The work begins with an excited crowd of flag-waving parents and children who gather to cheer a military procession of soldiers that turns into an abstract engine of war. Little boys playing with toy guns are beckoned from the arms of their mothers into the arms of a shrouded Grim Reaper, who transforms the children into helmeted, goose-stepping cannon fodder — interchangeable cogs in a relentless war machine. A series of vignettes focuses on scenes of escalating havoc and suffering — the disasters of war — replete with bayoneted mothers and babies, terrorized families fleeing bombed-out cities, and devastated farms. The images accumulate into a panoramic harvest of blood and death. The parade turns into a hanging row of severed heads, a procession of the wounded and maimed, a march of ravaged survivors staggering under the weight of the coffins they carry.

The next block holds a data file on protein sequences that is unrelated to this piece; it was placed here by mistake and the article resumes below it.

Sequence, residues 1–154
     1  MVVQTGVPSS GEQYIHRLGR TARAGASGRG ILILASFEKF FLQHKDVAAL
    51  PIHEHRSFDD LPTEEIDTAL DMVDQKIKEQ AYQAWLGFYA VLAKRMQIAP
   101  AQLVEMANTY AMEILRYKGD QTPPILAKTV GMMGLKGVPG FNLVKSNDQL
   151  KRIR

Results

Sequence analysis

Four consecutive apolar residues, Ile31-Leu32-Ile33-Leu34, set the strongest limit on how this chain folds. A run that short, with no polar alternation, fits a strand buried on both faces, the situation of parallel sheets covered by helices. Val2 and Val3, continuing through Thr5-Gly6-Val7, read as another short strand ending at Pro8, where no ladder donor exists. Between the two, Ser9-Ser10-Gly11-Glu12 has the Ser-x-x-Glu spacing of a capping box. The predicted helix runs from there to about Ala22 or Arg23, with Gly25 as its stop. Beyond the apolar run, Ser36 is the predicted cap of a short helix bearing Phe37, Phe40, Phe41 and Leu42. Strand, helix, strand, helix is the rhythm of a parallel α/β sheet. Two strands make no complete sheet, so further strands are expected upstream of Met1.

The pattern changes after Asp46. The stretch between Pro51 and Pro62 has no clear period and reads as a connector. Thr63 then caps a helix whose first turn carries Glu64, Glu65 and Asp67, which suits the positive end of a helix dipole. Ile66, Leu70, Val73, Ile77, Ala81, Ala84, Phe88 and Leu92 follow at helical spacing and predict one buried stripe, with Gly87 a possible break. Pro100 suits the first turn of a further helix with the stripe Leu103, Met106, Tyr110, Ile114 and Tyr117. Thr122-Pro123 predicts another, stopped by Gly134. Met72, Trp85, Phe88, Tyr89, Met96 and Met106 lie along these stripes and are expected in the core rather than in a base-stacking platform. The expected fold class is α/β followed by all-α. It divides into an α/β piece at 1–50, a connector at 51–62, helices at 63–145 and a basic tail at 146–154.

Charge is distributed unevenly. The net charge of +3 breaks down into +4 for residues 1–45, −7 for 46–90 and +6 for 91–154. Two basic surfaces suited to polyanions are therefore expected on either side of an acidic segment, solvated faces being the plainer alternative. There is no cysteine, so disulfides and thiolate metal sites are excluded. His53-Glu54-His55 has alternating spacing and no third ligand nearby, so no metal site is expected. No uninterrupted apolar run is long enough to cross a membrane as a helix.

The Feast, 1962

The Feast, 1962

A gray smoke-filled sky with a few birds finally gives way to a simple, somber image of exhaustion: the bodies of two soldiers each slouched over the other in a death embrace, pierced by each other’s bayonet. A swirling and manic “victory” dance of the survivors immediately follows. In front of the ever-present flag-waving crowd, a small yapping hound — one of the many dogs of war running through The Parade — continues to bark as a mother protectively gathers a child with a flag to her bosom. This is a powerfully moving free-jazz dirge of a book that depicts mankind’s recurring war fever. It remains sadly urgent and relevant today.